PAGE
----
In my last post, I blogged about being back in
In 1987, when I was a cub TV reporter in
So, two decades later, it’s somewhat sad to see what’s become of Farm Aid. Read this description from a recent Boston Globe story reporting on this year’s upcoming Sept. 20th Farm Aid concert in
Farm Aid, the Big Kahuna of farm-relief benefits, was also founded on the belief that music has the power to raise consciousness as well as money - and not just among audiences. Attendees will be able to experience farm life firsthand in the Homegrown Village and eat local, organic, family-farm food at the Comcast Center's concession stands.
If you look through the Farm Aid website, it provides a list of laudable services for “family” farmers, if in fact your farm is in the business of producing “sustainable,” “local” and “organic” foods – what the site in no uncertain terms says is Good Food. I guess that means if you’re just a normal family dairy farmer in the
In fact, if you look at the bottom of the Good Food page, it makes it sound like our domestic, conventional food supply – which is what the vast majority of American farmers produce – is a hazard, not a benefit, to the rest of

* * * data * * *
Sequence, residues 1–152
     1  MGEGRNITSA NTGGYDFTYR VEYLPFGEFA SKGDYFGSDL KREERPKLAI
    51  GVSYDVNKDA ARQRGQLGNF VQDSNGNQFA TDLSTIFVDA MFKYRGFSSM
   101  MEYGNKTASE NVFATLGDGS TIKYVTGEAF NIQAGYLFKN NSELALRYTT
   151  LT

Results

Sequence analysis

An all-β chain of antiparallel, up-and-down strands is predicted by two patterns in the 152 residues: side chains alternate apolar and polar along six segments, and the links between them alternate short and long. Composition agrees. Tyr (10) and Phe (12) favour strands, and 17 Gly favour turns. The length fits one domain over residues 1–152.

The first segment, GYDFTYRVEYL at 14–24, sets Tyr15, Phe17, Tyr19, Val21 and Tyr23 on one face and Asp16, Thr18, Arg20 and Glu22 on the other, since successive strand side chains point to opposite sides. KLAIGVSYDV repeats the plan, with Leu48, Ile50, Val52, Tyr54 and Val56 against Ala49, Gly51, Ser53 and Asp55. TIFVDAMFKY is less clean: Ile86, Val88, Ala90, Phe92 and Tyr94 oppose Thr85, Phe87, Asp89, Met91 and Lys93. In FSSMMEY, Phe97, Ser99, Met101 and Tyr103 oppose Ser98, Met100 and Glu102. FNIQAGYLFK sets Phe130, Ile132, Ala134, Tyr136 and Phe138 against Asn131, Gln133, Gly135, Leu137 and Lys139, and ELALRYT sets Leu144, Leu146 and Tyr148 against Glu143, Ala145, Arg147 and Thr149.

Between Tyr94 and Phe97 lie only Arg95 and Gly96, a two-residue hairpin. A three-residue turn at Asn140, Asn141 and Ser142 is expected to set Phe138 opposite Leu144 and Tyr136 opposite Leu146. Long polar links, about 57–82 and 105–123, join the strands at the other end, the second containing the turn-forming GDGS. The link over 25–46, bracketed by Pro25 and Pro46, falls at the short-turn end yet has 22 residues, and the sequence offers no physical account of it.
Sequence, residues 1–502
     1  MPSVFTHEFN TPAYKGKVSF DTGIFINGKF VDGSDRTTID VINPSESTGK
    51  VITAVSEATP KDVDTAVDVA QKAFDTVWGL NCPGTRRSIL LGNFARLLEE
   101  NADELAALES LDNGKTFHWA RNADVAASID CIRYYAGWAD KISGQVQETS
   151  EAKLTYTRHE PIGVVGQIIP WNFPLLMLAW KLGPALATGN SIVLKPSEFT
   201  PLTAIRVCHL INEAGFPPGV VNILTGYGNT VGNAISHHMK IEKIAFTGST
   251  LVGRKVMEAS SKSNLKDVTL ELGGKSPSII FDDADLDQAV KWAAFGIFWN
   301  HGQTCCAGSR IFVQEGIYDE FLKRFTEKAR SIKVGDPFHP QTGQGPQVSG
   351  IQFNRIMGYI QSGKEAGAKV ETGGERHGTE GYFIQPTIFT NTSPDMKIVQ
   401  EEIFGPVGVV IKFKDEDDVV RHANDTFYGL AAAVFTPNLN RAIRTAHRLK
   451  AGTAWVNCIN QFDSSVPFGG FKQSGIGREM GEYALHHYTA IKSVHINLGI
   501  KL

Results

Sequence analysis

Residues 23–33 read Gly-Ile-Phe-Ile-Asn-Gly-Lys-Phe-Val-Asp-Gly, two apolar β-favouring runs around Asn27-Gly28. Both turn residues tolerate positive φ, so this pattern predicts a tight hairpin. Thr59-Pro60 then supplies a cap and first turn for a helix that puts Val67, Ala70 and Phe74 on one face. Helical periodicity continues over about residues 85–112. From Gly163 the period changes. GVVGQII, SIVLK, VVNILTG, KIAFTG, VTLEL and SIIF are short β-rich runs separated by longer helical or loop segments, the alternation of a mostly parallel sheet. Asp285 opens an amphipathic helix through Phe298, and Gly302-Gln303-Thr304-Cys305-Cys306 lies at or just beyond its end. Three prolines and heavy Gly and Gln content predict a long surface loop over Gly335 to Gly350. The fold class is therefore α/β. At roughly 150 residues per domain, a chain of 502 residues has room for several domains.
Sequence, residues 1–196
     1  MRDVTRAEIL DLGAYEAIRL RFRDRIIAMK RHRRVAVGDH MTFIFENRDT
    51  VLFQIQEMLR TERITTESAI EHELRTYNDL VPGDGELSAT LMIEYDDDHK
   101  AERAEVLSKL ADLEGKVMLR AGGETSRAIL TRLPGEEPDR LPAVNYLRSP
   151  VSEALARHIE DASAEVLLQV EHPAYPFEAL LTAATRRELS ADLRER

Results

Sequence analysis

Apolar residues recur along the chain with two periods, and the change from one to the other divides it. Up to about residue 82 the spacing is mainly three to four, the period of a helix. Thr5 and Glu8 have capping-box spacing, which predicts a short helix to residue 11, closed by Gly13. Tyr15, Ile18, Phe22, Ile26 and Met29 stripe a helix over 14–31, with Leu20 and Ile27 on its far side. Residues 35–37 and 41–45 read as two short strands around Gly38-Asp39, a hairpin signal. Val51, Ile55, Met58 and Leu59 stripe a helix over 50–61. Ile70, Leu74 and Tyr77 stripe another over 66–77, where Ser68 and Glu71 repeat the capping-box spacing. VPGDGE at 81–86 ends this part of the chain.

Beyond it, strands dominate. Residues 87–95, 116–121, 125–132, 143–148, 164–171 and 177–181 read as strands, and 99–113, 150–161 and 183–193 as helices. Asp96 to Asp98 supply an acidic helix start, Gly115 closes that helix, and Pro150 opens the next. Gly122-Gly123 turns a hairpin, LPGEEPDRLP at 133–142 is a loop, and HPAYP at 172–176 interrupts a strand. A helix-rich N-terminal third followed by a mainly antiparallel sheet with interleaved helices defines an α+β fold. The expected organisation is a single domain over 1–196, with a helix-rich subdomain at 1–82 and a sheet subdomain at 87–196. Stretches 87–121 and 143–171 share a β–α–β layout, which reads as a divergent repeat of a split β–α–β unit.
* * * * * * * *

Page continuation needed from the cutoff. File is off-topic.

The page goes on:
Indeed, 98% of dairy farms are family owned, even if an identical percentage are not organic. For that matter, a significant portion of the nation’s organic milk supply is not produced by the small, family-farm types extolled by Farm Aid. Not that there’s anything wrong with wanting to serve the niche markets that seem to be FA’s bread and butter, but it’s such a small sliver of both production and consumption that it hardly seems to be relevant. How helpful can any charity be if the litmus test for its largess raises the arbitrary bar to such heights?
And perhaps, in the end, that’s the logical denouement of Farm Aid after 23 years: what began as a mainstream, unifying effort to amalgamate support for agriculture has become a tool to separate good vs. bad farming and enforce a political correctness about how and where food should be produced. Isn’t that what Whole Foods used to be about?